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St Michael & Lungau Destination Guide

St Martin is a small hamlet belonging to the town of St Michael in the Lungau region of Austria. It’s about one hour’s drive south of Salzburg – easy for airport transfers and comfortably close enough for a day trip – and only an hour north of the borders with Italy and Slovenia (and Klagenfurt Airport).

If you’re coming in the spring, summer or autumn, it’s a great base for some European touring and the roads are excellent, especially for keen drivers, cyclists and bikers.

Get away from it all

St Michael is ideal for anyone looking to escape the crowds or seeking a more genuine Austrian adventure. Thanks to its outstanding natural beauty and commitment to sustainable development, in 2012 Lungau was made a UNESCO Biosphere Reserve. It’s a truly wonderful place to relax or detox. Having said that, for those who want some nightlife, the people here definitely know how to party so you’ll be able to mix both relaxation and a good time during you  stay!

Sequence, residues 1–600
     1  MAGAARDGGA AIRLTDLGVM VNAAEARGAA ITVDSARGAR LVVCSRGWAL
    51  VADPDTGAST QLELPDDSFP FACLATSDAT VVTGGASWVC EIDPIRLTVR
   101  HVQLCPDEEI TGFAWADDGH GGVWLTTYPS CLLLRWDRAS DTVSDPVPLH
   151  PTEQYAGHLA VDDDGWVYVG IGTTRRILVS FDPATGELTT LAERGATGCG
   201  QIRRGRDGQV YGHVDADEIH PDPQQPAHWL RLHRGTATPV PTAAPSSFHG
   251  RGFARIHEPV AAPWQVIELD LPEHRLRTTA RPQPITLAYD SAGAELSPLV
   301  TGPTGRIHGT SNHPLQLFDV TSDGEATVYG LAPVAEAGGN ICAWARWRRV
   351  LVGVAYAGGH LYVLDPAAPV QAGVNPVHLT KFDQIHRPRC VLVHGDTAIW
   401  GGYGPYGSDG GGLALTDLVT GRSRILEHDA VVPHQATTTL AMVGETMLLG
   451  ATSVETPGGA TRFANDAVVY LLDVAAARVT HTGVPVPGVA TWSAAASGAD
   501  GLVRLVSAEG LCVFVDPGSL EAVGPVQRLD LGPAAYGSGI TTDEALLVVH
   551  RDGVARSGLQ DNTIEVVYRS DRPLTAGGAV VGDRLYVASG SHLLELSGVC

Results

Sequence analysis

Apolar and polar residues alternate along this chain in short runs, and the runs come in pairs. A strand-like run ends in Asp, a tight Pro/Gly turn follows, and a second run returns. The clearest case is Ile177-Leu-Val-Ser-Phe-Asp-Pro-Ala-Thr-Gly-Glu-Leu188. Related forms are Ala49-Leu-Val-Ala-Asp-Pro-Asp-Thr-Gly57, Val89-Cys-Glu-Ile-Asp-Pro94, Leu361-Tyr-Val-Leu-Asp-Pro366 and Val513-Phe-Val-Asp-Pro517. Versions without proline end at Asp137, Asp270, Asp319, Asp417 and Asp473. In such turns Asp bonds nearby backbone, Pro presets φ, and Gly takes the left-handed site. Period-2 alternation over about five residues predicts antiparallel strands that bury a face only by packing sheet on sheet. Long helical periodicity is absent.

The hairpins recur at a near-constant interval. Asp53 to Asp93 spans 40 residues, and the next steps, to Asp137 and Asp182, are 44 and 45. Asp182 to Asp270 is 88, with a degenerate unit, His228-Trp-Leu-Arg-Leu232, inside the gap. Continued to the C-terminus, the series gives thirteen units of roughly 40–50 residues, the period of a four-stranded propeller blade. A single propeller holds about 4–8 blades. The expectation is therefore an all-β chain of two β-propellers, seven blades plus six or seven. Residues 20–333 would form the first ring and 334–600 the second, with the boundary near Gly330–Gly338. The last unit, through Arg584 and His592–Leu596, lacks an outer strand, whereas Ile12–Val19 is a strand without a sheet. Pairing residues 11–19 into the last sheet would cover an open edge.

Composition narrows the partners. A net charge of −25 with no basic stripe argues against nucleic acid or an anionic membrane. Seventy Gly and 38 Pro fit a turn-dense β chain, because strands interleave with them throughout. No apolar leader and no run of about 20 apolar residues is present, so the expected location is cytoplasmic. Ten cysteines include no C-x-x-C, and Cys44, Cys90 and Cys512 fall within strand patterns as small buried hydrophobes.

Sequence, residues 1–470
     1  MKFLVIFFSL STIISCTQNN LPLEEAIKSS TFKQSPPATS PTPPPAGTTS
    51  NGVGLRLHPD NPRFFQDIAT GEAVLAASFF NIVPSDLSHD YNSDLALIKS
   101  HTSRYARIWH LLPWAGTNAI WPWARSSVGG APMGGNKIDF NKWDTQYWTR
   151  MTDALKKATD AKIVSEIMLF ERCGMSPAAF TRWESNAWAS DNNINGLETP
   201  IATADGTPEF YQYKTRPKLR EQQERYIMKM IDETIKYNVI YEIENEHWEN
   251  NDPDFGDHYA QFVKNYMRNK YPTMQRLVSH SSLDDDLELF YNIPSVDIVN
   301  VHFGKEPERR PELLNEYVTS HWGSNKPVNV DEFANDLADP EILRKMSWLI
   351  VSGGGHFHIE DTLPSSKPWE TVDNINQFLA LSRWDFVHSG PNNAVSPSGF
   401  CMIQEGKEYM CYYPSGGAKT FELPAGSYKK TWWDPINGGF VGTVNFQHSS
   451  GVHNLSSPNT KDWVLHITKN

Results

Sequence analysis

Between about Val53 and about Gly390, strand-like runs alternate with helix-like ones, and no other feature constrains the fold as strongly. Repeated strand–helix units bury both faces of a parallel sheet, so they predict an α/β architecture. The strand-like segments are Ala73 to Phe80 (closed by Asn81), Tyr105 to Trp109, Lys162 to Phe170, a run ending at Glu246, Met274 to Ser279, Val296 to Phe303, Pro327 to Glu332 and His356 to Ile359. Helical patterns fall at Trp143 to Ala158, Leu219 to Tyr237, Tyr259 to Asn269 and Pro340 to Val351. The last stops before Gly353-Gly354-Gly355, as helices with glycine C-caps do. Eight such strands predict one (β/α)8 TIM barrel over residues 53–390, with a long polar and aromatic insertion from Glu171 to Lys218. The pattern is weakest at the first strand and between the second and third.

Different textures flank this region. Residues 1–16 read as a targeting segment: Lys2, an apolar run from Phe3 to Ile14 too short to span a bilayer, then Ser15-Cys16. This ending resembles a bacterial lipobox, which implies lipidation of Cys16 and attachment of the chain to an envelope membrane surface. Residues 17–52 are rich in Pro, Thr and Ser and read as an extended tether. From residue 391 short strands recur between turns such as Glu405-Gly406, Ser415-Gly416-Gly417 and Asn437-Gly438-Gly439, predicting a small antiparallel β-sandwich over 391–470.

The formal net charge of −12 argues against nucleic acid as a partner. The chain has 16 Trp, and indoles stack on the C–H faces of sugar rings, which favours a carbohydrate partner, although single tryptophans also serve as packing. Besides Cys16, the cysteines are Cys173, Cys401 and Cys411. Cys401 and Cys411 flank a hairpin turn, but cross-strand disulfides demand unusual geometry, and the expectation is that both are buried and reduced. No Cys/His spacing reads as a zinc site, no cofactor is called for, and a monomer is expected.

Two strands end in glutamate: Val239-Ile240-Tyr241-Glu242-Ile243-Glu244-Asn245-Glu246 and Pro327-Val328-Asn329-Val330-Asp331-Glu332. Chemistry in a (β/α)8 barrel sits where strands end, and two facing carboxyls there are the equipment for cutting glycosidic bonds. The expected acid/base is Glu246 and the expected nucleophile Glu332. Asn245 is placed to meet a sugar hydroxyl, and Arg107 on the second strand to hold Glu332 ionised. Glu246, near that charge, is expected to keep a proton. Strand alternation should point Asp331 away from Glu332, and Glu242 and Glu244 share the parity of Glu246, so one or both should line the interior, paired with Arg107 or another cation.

The REAL Austria

St Michael im Lungau

St Michael is a real Austrian town. Unlike some of the ski resort towns of the Tirol or French Alps, it’s not just about tourism. The festivals and events that take place here, of which there are hundreds, happen because the Lungau people value their heritage. You can see things here that you won’t find anywhere else – from huge flower festivals and open air markets to massive bonfires, scary monsters and giants. If you come in the spring you can see the cattle being driven down from the mountains, all beautifully painted and decorated – a real sight to behold. But behind all this tradition, St Michael is a working town. Timber and farming are just as important as skiing to the people here. That means there’s nothing false or contrived: people wear lederhosen because they’re comfortable, hard-wearing and don’t need too much washing!

Value for money

What’s more the prices here aren’t inflated. The locals eat in the same bars and restaurants as the visitors – even on the mountain. For this reason, you can get a good lunch in one of the mountain bars for 15 Euros. Beers are around 3 Euros, if not less. We’ve all been on those skiing holidays that you’ve budgeted for five or six hundred Euros per person, plus spending money, but ended up spending a thousand? That doesn’t happen here. Once you’re in Lungau, you’ll find prices are very reasonable.